What was surprising is that the problems came primarily from the left and middle of the line, and not from our supposed weak link Austin Shephard. I had Shephard making important blocks that were involved in springing successful runs 3 times, with Vogler and the Kouandjio brothers each ringing up 2, and 1 each for Kelly and Fowler. Shephard did get beat badly inside on a pass rush, but had a nice double pickup on another pass play, where he pushed a rushing lineman into the wrong side of the scrum and then snagged a blitzing linebacker.
The good news about Cyrus Kouandjio is that we might get to have him for his senior year after all. Cyrus struggled, simple as that. He was called for holding twice, got beaten inside on a pass rush once, and let his man into the backfield on running plays no less than four times, including twice when he double-teamed his brother's man while an unopposed Gobbler gobbled straight into the backfield. It's true enough that there were other times that he showed impressive physical dominance, but it was a rough day overall.
Ryan Kelly lost his man a couple of times, too, including once when he got shoved straight back about 4 yards.
Generally, the line struggled on running plays, but did a pretty good job on pass blocking. Most of the pressure came from failed blitz pickups. In fact, several stoned running plays came when blitzers sprinted into the backfield as well, including three runs stopped cold by blitzers very early in the game.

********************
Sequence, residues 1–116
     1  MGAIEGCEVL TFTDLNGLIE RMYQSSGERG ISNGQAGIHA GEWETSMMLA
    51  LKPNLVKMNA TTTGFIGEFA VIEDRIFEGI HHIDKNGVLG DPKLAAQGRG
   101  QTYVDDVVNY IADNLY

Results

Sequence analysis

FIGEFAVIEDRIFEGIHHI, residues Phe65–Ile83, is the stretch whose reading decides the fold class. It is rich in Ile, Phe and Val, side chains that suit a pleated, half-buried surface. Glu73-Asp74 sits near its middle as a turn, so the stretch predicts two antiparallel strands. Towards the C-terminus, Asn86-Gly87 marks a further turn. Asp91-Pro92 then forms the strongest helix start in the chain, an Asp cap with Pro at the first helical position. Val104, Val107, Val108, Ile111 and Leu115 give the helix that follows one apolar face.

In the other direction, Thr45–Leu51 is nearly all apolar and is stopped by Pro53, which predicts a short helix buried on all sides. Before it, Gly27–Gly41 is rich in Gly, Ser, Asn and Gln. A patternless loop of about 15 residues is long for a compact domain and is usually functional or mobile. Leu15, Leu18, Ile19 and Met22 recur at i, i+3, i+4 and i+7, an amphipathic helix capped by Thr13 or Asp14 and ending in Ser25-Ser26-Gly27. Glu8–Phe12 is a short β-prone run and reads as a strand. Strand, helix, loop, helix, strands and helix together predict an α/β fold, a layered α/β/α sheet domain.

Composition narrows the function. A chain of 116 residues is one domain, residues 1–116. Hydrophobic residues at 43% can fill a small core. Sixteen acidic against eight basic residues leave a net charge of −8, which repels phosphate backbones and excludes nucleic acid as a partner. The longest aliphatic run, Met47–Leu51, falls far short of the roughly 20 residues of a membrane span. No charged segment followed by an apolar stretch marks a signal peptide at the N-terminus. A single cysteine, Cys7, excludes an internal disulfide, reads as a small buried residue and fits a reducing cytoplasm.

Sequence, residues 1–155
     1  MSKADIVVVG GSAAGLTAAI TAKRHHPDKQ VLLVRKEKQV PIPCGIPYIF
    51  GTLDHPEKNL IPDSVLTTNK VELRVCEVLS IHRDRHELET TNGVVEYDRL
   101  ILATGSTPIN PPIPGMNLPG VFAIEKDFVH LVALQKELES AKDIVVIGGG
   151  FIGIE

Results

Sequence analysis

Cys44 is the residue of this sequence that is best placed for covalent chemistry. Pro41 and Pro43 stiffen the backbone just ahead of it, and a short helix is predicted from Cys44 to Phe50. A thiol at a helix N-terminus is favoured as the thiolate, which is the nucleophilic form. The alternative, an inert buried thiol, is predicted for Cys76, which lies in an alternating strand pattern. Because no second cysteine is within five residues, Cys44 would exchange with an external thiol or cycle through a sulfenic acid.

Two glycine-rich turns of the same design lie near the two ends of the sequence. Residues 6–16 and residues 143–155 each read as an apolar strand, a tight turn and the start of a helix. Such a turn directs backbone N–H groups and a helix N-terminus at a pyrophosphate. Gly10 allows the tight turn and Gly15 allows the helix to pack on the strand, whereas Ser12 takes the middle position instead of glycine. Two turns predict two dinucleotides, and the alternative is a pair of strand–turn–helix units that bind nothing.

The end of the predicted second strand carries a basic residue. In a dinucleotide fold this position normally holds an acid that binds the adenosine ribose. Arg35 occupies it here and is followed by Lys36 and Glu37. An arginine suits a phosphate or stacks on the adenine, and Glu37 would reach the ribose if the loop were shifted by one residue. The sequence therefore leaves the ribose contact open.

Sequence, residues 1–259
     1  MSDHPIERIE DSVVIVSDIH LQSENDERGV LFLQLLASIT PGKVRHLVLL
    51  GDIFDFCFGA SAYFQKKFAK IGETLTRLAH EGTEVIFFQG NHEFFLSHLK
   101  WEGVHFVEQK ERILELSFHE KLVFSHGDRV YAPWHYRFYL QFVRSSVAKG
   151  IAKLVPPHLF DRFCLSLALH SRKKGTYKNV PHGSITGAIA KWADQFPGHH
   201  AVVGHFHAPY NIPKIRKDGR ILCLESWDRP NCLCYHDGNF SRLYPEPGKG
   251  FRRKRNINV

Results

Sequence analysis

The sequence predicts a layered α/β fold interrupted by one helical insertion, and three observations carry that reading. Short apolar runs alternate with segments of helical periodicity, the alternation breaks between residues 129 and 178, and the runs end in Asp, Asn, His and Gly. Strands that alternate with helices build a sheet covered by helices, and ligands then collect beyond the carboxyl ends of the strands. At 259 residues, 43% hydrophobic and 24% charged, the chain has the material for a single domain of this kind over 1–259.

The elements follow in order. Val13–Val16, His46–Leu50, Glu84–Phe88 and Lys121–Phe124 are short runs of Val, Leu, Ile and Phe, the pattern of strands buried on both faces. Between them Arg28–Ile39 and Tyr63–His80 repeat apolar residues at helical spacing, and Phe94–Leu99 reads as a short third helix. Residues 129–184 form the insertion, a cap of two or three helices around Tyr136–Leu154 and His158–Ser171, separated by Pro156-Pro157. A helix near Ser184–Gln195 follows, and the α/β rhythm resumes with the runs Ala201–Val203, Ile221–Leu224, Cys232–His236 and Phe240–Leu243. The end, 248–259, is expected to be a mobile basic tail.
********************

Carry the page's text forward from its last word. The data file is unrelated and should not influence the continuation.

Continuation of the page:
A happy perspective is that young offensive lines often gel at some point during the season. The other side of that coin, though, is that our next game may be the toughest of the year.
On watching the game live, I was only middlingly impressed with the defensive line, but after going back to take a more careful look, I am officially changing my tune. The low number of sacks and official "pressures" doesn't mean Logan Thomas was getting all day.
The DL in the base set was generally made up of Pagan, Stinson and Ivory. Tomlinson saw a good bit of playing time, mostly in place of Pagan and sometimes spelling Ivory. On standard downs Hubbard mostly played up on the line in the jack position and we didn't play a jack. On passing downs we swapped it up a bit, but most often ran with Devall, Tomlinson, Stinson and Hubbard on the line. Dickson didn't see as much time as Devall, but he was very effective in pass rush to the extent I wouldn't be surprised if we see more of him against A&M. Stinson was the most visible.
On almost every passing down, at least one lineman would relatively quickly get free or push his man back toward the QB to force the pass. By my count I had Dickson, Stinson and Hubbard rushing Thomas twice - Hubbard was held both times or may have had two sacks - and Devall, Tomlinson, A-Shawn Robinson, C.J. Mosley and Jarrick Williams each forced a quick pass once. Many of the rushed passes were inaccurate.